In honor of this year's Operation Stand Down 2015 with Veterans Village of San Diego, we would like to share a truly amazing story of a man we are very proud to call our co-worker and friend. This is the story of Coday Campbell's Stand Down...


My Stand Down
By Coday Campbell


Let me begin by reminding people what Stand Down is.  Stand Down, in San Diego, CA is an event that covers 3 days and 2 nights where they bring the Homeless Veterans in off the streets in order to do what ever they can to aid these men and women. The very first Stand Down was held in 1988 and has been held every single year since. For a better history of Stand Down please visit vvsd.net

I had been living in the bushes here in San Diego for eight years when I first attended Stand Down in 2002. The reason I never went before, though I was homeless, was because of my way of thinking - it wasn't for me. I saw Stand Down as something for those who were using drugs and/or practicing alcoholics and I was not one of those. It was by chance on that very Saturday, July 13, 2002 that I finally decided to check it out. I had been clean for 16 years and I thought I knew it all about being sober and needed no help in that area. (That was a joke)  I signed up for Stand Down in hopes of getting a bus pass. I had just landed a part time job and needed transportation to and from the work place. I would still be homeless but the beds they might give me were better off going to a person more in need than I. A bus pass is all I needed or wanted. Well I found out I was so very wrong.

My plan was to get that bus pass and then leave, but I found out they didn't give them out. However, a gentleman from VVSD told me he would see about getting me one. That was the beginning. My tent leaders, Evan Harr, Lisa Palmer and Lisa's Grandmother, began working their magic on me.

I was a man who used to lay in bed at night and cry out of loneliness but even worse because the tears no longer flowed and I didn't care anymore. Now here I was, surrounded by so many men and women in the same position. The most surprising thing was the number of people, like my tent leaders, who really cared and asked nothing in return. My schooling had begun.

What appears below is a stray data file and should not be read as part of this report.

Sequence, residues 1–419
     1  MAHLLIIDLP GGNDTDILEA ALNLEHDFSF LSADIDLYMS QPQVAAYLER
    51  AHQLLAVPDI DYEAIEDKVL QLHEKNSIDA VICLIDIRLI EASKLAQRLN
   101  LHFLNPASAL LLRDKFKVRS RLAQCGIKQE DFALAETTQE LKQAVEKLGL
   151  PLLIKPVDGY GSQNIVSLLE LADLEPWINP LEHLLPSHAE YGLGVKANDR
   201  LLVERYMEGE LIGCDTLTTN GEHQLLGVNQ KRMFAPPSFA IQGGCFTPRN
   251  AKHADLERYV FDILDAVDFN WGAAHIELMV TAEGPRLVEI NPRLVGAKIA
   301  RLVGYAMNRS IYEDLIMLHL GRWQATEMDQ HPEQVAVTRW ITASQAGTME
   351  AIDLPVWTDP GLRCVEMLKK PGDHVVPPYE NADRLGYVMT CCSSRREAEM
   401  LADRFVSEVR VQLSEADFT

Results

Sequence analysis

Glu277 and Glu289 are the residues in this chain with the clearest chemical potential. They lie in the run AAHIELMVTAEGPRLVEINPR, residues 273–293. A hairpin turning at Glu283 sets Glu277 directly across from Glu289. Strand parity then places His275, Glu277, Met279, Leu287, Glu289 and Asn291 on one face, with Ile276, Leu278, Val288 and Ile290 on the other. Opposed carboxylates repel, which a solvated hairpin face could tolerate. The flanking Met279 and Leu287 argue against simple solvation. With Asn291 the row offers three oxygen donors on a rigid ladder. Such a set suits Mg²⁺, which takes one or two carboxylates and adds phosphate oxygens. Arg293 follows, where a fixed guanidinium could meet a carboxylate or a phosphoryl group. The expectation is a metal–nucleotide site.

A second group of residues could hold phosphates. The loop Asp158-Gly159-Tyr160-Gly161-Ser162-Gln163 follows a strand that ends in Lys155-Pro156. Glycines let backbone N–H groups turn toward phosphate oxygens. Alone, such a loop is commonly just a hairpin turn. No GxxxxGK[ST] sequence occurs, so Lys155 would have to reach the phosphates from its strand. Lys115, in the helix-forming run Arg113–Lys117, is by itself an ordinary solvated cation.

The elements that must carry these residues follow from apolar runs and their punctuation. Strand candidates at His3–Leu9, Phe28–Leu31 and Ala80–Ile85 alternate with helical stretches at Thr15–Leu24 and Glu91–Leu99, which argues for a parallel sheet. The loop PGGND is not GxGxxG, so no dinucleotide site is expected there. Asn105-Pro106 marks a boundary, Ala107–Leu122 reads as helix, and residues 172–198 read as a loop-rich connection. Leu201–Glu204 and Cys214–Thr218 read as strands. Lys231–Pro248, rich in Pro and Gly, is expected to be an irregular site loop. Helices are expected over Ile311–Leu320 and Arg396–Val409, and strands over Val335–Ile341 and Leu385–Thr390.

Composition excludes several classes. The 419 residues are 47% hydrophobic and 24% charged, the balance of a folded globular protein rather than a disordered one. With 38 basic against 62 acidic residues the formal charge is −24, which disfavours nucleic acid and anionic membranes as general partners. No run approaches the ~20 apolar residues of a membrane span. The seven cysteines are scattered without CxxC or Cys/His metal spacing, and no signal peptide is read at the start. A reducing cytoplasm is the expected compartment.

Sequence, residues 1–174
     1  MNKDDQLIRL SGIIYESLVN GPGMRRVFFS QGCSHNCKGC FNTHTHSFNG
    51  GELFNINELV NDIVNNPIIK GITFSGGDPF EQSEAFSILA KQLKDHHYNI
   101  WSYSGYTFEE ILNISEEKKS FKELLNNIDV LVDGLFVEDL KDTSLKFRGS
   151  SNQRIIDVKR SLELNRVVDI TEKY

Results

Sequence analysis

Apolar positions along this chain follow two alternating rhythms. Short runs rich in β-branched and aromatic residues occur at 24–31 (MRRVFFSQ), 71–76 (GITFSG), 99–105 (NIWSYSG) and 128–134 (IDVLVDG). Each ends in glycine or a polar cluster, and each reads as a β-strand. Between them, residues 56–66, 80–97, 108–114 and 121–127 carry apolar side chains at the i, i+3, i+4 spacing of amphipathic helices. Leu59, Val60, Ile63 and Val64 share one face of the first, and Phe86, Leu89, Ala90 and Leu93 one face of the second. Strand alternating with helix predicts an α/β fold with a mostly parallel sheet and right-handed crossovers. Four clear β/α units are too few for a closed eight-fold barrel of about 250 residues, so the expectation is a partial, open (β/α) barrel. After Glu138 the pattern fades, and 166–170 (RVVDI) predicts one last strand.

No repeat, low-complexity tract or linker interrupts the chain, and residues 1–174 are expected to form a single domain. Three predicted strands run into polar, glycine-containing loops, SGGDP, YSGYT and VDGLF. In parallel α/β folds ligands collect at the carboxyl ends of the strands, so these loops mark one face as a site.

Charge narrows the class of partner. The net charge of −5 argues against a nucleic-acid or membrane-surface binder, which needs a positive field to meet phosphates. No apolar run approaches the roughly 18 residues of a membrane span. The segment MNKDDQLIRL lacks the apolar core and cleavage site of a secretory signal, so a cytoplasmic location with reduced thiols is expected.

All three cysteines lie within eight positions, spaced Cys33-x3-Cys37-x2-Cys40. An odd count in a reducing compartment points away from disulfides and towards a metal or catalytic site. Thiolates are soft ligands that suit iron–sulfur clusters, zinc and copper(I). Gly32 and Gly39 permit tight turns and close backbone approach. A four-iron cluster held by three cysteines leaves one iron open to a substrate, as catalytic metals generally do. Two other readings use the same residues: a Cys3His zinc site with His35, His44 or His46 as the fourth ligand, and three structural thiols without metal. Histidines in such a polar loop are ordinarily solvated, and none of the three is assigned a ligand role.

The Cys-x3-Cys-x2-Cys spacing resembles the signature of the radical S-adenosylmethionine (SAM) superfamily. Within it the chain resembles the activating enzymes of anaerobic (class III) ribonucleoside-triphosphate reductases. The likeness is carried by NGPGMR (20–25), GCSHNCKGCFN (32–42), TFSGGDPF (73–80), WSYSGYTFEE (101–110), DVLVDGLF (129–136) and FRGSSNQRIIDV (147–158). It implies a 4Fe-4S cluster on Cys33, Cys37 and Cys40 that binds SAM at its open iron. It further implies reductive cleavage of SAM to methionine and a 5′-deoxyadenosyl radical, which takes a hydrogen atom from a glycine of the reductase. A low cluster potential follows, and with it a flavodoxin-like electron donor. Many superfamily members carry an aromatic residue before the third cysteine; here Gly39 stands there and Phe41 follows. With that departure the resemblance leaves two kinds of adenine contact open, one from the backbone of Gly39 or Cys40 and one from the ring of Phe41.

These people convinced me to stay. Hey, why not? I wasn't taking away a bed from anybody, plus the warm food was a nice change. Oh, how they sucked me in...Never once did I feel like I was being forced or expected to do anything except relax and take advantage of what they had to offer. Showers, haircuts, massages, optical care, dental care and clothing were offered. I took advantage of all of these. I was even offered a bed in an in-house treatment program.  I turned down the treatment program thinking I would be taking away from someone who really needed it. After all, I wasn't using and could feed myself.

My tent leaders saw something in me I didn't know existed. They never looked down on me. They got me to talk about my life on the streets, my life in the Navy and even my life growing up. By telling my story, I found strings that connected most of my problems together where I never thought of before.

It was with the love, respect and patience of these volunteers that I discovered I had it all wrong. I could clearly see that though I had stopped drinking 16 years earlier, I was far from sober. I am an alcoholic and this disease has many symptoms. I had only been working and treating just the one, the drinking. I had ignored mainly the emotional and mental symptoms that go along with alcoholism.

I know beyond a shadow of a doubt that if I had continued on the way I was, with my depression and low self-esteem, I would be dead by now. God smiled down on this lost soul and sent me in the right direction. I was finally learning to be sober and on my way to living and not just surviving, if you could call it that.

I returned to Stand Down every year, for the next six years, as a participant. I even managed to bring a pound of cigarette tobacco and rolling papers with me to share. During these years, I was still homeless but continued to work odd jobs and part time work. It was in 2008 that I found a full time job and moved out of the bushes.

Just a few weeks prior to Stand Down 2008, my newly found job fell apart when the pet store I was working at closed their doors. I had already volunteered as a Tent Leader for that July, but would not let the fact that I was back out on the streets stop me. I did my volunteer work and God smiled down on me. I began working at Frank Toyota on August 1st that very same year. I know in my heart that if I had not done my volunteer work that first year, I would not have gotten this job.

I am proud to say that I have been a Tent Leader at Stand Down every year since and now many of my friends volunteer. The owners of my company, Frank Motors, not only volunteered the last two years, but have also sponsored a homeless tent for the last two years. Through the Toyota Match Program, Frank Toyota has contributed $10,000 to VVSD over the past four years, to be matched with an additional $10,000 from Toyota Corp. This year, my graduating class from Maud Ok 1974 will sponsor a homeless tent as well.



Comments

Marcia Higgins
I just wanted to say how very proud as a member of the Coday /Higgins Family I am of Coday Campbell.
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